It makes no sense to say that the bishops themselves can decide this, that we should accept their religious authority because they say God has given it to them. If this were so, anyone proclaiming himself a religious authority would have to be recognized as one. From where, then, in our democratic, secular society does such recognition properly come?
In our democratic society the ultimate arbiter of religious authority is the conscience of the individual believer. It follows that there is no alternative to accepting the members of a religious group as themselves the only legitimate source of the decision to accept their leaders as authorized by God. They may be wrong, but their judgment is answerable to no one but God. In this sense, even the Catholic Church is a democracy.
But, even so, haven’t the members of the Catholic Church recognized their bishops as having full and sole authority to determine the teachings of the Church? By no means. There was, perhaps, a time when the vast majority of Catholics accepted the bishops as having an absolute right to define theological and ethical doctrines. Those days, if they ever existed, are long gone. Most Catholics — meaning, to be more precise, people who were raised Catholic or converted as adults and continue to take church teachings and practices seriously — now reserve the right to reject doctrines insisted on by their bishops and to interpret in their own way the doctrines that they do accept.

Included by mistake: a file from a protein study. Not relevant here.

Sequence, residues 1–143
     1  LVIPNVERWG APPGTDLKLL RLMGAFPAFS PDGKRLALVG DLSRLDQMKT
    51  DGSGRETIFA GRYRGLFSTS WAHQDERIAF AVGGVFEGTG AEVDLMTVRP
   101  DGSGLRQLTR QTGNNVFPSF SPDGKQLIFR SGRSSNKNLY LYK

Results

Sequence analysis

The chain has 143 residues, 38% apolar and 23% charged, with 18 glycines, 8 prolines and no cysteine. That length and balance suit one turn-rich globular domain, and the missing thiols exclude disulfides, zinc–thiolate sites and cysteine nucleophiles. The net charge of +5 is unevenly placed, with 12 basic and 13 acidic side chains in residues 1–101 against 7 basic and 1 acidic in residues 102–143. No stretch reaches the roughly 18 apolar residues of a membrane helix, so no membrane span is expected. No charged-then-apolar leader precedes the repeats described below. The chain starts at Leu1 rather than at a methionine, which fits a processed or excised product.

The bishops’ claim to authority in this matter has been undermined because Catholics have decisively rejected it. The immorality of birth control is no longer a teaching of the Catholic Church. Pope Paul VI meant his 1968 encyclical, “Humanae Vitae,” to settle the issue in the manner of the famous tag, “Roma locuta est, causa finita est.” In fact the issue has been settled by the voice of the Catholic people.